After waking up this morning and realizing that there had been a tornado warning overnight (4:00am), exactly two thoughts crossed my mind.
Number one: A tornado? In L.A.? Really!?!? Number two: Has this ever happened before. Where’s the precedent?
And wouldn’t you know it, after a few Google searches I realized that the last tornado of any account taking place in Los Angeles seems to have occurred exactly 31 years ago to the day, on March 1, 1983. If you’re a believer in coincidences, this is at the very least a little strange. If you’re not, then hey, it’s still a fun, novel factoid.
The March 1, 1983 Los Angeles tornado was classified as F2 (using the now obsolete Fujita scale), which signifies “significant damage; Roofs torn off frame houses; mobile homes demolished; boxcars overturned; large trees snapped or uprooted; highrise windows broken and blown in; light-object missiles generated.” Wind speeds for F2’s range from 113–157 mph.
Interestingly, after digging into it a little bit I found some literature that has an actual account of what happened to the city on that day. And it sounds like it puts our current little storm to shame.
From Los Angeles, California Tornado of March 1, 1983, by Gary Hart, pages 35-36:
“During the 24-hour period from 6:00am on March 1 to 6:00am on March 2, 1983, the full effects of a major winter storm were felt in Los Angeles… The most severe storm-related damage was caused by the tornado that touched down south of the Civic Center shortly before 8:00 a.m. on March 1.”
The report details what the Fire Department happened upon after being called to the scene:
“At the intersection (Hill Street and Jefferson Blvd.) Engine Company 15 found cars blown about, power poles down, and a large amount of debris throughout the area… The Fire Department assisted citizens by providing plastic sheeting and by working with them to cover damage roofs so that the heavy rains would not further damage the contents of buildings.”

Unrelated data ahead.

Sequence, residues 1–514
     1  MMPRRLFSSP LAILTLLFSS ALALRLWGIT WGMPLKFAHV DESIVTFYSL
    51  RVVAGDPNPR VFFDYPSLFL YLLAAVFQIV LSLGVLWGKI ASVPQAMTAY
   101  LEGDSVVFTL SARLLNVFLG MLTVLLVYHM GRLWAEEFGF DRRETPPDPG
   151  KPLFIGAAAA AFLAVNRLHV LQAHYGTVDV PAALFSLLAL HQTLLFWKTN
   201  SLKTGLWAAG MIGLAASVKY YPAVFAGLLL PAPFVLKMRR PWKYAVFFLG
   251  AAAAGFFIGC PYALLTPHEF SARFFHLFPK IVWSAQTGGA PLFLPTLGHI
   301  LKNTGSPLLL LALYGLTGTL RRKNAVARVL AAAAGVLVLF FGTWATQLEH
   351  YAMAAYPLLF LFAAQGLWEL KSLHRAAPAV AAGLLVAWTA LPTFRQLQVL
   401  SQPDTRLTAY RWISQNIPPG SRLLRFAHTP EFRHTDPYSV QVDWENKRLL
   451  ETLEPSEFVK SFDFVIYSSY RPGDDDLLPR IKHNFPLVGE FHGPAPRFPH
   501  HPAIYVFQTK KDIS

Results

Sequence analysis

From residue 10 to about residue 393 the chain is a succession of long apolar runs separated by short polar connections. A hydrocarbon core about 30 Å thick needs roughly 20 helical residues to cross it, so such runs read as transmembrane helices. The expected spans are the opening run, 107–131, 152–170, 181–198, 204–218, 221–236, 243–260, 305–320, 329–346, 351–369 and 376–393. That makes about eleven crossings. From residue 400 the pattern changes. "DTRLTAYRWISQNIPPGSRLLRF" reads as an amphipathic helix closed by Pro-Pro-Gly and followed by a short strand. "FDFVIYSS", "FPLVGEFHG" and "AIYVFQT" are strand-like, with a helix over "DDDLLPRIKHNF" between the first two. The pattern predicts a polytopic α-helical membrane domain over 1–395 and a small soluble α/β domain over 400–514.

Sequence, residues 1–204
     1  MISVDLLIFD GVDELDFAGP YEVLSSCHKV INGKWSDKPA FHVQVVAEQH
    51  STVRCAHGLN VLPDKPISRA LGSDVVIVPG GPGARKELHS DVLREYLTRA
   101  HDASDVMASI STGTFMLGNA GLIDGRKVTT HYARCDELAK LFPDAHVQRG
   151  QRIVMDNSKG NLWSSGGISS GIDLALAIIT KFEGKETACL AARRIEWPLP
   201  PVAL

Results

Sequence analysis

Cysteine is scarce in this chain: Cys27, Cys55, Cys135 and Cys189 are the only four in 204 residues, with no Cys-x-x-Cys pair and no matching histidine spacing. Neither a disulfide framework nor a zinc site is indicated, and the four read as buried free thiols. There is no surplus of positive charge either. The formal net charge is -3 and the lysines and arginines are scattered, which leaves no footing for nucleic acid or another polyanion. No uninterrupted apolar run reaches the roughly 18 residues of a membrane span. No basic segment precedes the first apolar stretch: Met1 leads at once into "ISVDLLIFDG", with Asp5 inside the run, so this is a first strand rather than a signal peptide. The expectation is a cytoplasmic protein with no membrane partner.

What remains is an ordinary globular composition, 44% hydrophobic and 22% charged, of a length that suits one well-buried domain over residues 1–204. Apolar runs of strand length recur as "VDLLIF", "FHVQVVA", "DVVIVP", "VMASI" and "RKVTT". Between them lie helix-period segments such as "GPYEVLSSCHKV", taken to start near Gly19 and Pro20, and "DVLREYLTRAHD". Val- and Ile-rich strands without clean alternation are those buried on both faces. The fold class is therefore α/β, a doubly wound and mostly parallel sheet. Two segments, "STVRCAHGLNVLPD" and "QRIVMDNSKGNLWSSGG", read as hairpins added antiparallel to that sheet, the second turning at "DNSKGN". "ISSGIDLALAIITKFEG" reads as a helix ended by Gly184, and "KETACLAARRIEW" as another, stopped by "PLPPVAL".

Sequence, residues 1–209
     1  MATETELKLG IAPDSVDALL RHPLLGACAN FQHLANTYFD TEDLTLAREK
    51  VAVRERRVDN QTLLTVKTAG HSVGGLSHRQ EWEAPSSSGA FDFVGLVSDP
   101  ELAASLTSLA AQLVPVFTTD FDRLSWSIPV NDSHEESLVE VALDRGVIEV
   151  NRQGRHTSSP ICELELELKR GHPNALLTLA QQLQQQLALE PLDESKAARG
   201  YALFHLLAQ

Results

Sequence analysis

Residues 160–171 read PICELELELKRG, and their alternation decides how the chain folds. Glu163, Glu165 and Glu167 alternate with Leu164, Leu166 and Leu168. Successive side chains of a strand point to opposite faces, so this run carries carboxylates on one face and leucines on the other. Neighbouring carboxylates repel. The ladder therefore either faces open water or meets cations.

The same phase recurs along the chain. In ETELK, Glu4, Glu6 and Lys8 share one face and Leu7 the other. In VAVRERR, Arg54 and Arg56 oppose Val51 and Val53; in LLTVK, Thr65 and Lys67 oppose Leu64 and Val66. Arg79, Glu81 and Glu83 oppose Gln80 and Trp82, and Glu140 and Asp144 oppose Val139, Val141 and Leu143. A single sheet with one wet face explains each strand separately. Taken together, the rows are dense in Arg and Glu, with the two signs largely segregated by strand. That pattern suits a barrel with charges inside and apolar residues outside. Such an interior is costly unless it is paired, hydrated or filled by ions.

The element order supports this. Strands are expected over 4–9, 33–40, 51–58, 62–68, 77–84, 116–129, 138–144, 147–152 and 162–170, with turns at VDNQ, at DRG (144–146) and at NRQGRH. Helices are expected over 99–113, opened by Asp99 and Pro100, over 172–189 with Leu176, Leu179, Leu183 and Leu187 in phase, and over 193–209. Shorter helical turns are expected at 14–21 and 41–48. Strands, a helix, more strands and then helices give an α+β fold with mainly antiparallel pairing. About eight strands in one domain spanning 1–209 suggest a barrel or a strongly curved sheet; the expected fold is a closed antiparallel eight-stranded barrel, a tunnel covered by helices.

For good measure, the tornado even had a go at the convention center, leaving what was then termed as “moderate damage.”
Once the emergency responders had assessed the situation, they immediately activated their disaster relief plan. Command post, choppers, the American Red Cross, and the whole shebang. Fortunately, despite the substantial damage, no fatalities were recorded due to the twister. This was in part due to the preparedness and execution of the multi-organizational network that was previously put in place and designed to respond to emergencies.
An editorial from the L.A. Times on March 6, 1983 provides insight in the way the city handled the event:
“Los Angeles is to be commended for the prompt and efficient manner in which its rescue and anti-looting forces responded to the freak tornado that terrified residents of the city’s south-central area. And equally impressive were the efforts by public and private agencies in providing shelter and care for the homeless victims of the storms in the various areas.”
Well, apparently government can work… sometimes.
If you’re interested. check out some pics below. And if you’re inclined to read the entire tornado account here’s the link to to the book mentioned above.